Chris Dawson and his wife Sarah, for example, saw their tax bill drop to £17.4 million from £20.4 million the year before and £25.4 million in 2018. This is in spite of the fact that their personal wealth increased from £1.96 billion in 2018 to more than £2 billion last year. At the same time, the homeware chain that they own, The Range, saw an increase from £943.679 million to £999.972 million in the year to February 2020.

Critics Think They Earn Too Much

gambling taxThose that would choose to criticise the gambling industry will have no intention of letting up on that criticism just because two families associated with the trade have paid a lot of tax this year. In fact, it’s even possible to suggest that the pair are on the list in the first place because companies that supply a means for betting earn far more money than they should. This is reflected in the Coates family being worth an estimated £7.2 billion.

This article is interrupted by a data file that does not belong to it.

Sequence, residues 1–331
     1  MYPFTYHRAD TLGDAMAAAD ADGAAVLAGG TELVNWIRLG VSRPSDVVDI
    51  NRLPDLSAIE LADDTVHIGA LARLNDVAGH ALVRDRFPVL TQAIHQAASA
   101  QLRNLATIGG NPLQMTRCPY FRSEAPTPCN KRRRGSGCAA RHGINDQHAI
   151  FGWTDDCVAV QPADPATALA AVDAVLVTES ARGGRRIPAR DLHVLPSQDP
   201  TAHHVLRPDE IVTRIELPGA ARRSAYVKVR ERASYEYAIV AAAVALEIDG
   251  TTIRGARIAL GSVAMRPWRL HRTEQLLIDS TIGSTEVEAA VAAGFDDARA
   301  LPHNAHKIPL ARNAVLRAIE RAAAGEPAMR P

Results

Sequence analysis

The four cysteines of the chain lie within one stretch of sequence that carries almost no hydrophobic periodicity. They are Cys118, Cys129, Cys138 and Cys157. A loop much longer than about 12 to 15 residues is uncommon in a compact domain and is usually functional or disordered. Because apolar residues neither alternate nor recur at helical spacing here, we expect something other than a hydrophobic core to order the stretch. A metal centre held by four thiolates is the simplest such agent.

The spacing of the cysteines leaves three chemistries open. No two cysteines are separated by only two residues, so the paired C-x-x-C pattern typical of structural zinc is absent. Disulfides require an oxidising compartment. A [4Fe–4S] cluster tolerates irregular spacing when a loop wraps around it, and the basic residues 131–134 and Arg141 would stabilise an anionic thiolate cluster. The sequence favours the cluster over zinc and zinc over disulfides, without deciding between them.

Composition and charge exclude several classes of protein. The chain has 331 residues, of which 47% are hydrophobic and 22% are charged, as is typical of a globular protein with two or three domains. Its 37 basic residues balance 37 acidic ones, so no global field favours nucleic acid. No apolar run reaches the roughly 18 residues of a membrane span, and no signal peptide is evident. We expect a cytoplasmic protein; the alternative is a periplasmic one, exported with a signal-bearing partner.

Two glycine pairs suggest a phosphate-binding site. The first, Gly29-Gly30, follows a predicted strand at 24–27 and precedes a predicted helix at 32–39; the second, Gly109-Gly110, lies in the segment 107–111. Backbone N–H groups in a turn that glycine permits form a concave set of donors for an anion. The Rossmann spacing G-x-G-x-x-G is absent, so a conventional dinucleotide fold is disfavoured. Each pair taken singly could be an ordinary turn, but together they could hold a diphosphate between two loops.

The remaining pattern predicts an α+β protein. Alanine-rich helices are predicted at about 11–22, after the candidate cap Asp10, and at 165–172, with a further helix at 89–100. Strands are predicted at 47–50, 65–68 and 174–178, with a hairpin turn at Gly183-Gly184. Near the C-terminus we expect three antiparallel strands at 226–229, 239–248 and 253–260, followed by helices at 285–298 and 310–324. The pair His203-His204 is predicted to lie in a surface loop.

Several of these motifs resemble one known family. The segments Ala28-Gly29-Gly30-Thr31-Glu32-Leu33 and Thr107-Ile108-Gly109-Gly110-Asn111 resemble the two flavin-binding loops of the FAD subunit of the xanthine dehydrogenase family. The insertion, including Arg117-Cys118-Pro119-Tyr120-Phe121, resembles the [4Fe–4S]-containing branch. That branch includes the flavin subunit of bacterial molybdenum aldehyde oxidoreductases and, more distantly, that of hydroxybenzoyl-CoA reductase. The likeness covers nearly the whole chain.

That is obviously not an insignificant amount of money and the majority of it has come from the success of the Bet365 business that the family operates. Take away the approximate amount of tax paid by the family this year and that figure barely moves, showing just how wealthy the Coates family is. Gambling critics would also point out that the money paid will contribute towards helping those with gambling problems.

It’s certainly interesting that the list’s compiler believes that the Chancellor of the Exchequer has a difficult job next year. When the pandemic has passed, Robert Watts believes that he will need to find a way of maximising income from the country’s richest individuals whilst also being careful not to drive ‘them or their businesses away from the UK’. That is indicative of people who are not quite as interested in the public purse as the tax reports might suggest.